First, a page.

Hosts Michael Boldin and John Bush talk with Sheriff Richard Mack. They discuss Mack’s famous supreme court case against the Clinton administration in the 1990s, his personal journey during that time, the role and duty of the sheriff in nullifying unconstitutional acts from the federal government, the message he gave as keynote speaker at Nullify Now! Phoenix, and the need to refuse enforcement of bad and stupid laws in the spirit of Rosa Parks. His book, “The County Sheriff: America’s Last Hope,” is a more detailed position on these issues.
Sheriff Mack to DC: “Shove it up 1600 Pennsylvania, and leave us the hell alone!”
Mack began his career with the Provo Police Department as a parking enforcement cadet while attending BYU. A couple of years later he became a full-time officer and was soon promoted to Corporal, Sergeant, and Detective. His most traumatic experience there was a one-year assignment as an undercover narcotics agent. After nearly 11 years at Provo PD, Mack decided to return to his childhood turf in Arizona and run for Graham County Sheriff. His campaign took off and he was elected in 1988.
He was sheriff for two terms until 1997. He was named Elected Official of the Year by the Arizona-New Mexico Coalition of Counties in 1994, received the NRA Law Officer of the Year, inducted into the NRA Hall of Fame, 1995 Cicero Award, Samuel Adams Leadership Award from the Local Sovereignty Coalition, and Gun Owners of America Defender of the Second Amendment Award.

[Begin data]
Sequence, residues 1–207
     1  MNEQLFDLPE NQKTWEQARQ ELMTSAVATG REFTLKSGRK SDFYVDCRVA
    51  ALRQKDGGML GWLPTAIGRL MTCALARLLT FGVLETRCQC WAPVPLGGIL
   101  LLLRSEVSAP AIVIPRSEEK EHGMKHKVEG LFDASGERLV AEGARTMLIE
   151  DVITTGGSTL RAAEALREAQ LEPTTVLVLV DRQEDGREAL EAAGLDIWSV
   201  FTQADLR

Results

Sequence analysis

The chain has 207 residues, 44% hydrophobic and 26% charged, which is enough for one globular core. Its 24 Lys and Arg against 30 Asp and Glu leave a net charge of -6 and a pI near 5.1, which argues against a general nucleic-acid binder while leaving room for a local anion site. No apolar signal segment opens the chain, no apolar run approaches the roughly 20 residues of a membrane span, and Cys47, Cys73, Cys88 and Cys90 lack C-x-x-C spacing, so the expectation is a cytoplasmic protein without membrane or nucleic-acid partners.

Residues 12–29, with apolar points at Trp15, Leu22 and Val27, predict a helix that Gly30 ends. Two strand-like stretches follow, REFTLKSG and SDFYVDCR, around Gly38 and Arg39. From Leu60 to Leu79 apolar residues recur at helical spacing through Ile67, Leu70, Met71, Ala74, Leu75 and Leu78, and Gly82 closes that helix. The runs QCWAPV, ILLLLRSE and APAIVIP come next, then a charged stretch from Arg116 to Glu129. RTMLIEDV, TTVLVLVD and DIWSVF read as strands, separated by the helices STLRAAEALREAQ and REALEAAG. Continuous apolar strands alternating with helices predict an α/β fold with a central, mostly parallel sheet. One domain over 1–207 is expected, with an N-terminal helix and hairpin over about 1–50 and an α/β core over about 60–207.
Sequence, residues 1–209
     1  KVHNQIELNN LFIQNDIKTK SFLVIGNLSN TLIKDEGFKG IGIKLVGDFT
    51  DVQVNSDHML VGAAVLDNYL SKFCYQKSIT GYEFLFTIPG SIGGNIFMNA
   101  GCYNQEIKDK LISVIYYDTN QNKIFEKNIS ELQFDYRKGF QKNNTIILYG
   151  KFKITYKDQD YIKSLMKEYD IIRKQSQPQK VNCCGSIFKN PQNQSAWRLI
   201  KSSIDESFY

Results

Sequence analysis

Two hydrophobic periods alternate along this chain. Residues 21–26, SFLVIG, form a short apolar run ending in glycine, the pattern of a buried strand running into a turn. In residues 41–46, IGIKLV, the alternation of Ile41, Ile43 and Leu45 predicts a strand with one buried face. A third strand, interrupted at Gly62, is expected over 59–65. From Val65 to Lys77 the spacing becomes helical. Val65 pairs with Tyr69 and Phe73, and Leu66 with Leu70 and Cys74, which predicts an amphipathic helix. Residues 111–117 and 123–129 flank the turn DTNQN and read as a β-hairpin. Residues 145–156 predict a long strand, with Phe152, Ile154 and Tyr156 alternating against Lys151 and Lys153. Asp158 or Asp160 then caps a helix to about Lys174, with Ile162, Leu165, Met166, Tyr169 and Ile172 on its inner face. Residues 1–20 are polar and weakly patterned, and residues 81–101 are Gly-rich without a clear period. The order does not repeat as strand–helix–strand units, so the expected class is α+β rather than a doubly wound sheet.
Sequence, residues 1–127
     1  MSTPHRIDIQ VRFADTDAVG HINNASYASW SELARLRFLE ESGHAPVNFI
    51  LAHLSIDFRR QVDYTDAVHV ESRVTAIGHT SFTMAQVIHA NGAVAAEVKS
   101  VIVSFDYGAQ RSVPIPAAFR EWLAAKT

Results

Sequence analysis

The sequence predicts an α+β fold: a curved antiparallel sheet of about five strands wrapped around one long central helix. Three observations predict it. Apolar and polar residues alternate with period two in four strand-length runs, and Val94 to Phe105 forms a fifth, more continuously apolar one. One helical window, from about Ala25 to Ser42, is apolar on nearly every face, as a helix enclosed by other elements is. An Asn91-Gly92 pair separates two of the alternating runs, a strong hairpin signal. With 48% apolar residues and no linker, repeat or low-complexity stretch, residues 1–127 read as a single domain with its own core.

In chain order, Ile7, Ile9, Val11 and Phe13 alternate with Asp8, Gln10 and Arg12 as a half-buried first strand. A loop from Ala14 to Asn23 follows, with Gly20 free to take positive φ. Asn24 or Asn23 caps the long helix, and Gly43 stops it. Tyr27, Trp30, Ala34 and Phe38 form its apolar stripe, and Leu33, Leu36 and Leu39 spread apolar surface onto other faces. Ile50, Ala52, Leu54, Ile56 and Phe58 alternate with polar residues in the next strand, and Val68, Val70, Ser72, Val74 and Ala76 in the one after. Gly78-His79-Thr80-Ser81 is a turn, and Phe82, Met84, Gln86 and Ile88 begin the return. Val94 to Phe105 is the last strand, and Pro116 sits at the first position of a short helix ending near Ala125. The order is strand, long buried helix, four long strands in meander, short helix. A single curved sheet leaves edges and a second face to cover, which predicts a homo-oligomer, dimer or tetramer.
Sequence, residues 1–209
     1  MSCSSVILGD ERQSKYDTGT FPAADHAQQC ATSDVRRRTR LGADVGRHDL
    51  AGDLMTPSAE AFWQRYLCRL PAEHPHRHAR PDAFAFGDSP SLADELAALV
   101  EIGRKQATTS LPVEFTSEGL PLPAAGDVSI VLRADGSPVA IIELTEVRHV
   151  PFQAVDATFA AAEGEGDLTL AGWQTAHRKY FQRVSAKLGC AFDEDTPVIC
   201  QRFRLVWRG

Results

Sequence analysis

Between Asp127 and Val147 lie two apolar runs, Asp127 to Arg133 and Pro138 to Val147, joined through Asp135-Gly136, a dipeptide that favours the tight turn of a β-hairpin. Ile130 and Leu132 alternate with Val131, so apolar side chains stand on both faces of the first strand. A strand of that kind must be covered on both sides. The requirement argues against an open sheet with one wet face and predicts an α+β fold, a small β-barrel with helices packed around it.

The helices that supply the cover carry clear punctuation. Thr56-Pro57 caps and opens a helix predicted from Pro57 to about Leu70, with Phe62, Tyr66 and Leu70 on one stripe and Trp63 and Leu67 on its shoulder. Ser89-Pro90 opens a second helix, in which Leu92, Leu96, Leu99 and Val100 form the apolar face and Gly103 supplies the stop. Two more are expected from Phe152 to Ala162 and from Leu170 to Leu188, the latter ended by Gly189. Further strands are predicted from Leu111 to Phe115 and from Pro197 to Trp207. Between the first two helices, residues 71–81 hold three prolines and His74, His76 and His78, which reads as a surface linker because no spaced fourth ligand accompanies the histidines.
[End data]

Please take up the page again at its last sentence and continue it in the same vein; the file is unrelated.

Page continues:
During his tenure, federal officers informed the sheriffs of the state that they would be required to enforce the so-called “Brady Bill” and run background checks at their expense under the law. In 1994, Mack and six other sheriffs from across the country, challenged the constitutionality of the Brady Bill and ultimately, fought it all the way to the United States Supreme Court, where they won a monumental decision for freedom.
Three years later, in a landmark 5-4 split decision based on the Tenth Amendment to the United States Constitution, Mack won his case.
Mack as an undercover narcotics agent
A graduate of the FBI National Academy, some of Mack’s positions include: patrol officer, undercover narcotics officer, hostage negotiator, youth officer, school resource officer, communications supervisor, corporal, front desk sergeant, detective, sheriff, Search and Rescue supervisor, jail administrator, and DARE instructor.
Mack has been a consultant on numerous cases regarding police abuse, brutality, and other misconduct by public officials. He has joined with other members of the law enforcement community to speak out in favor of drug policy reform.
A graduate of Brigham Young University, Mack lives with his wife in Fredericksburg, Texas.
During the past two years Sheriff Mack has been a speaker at more than 70 different Tea Party rallies all across the country, ranging all the way from Honolulu to Bangor, Maine. Mack has supported this noble movement, because it is both effective and peaceful.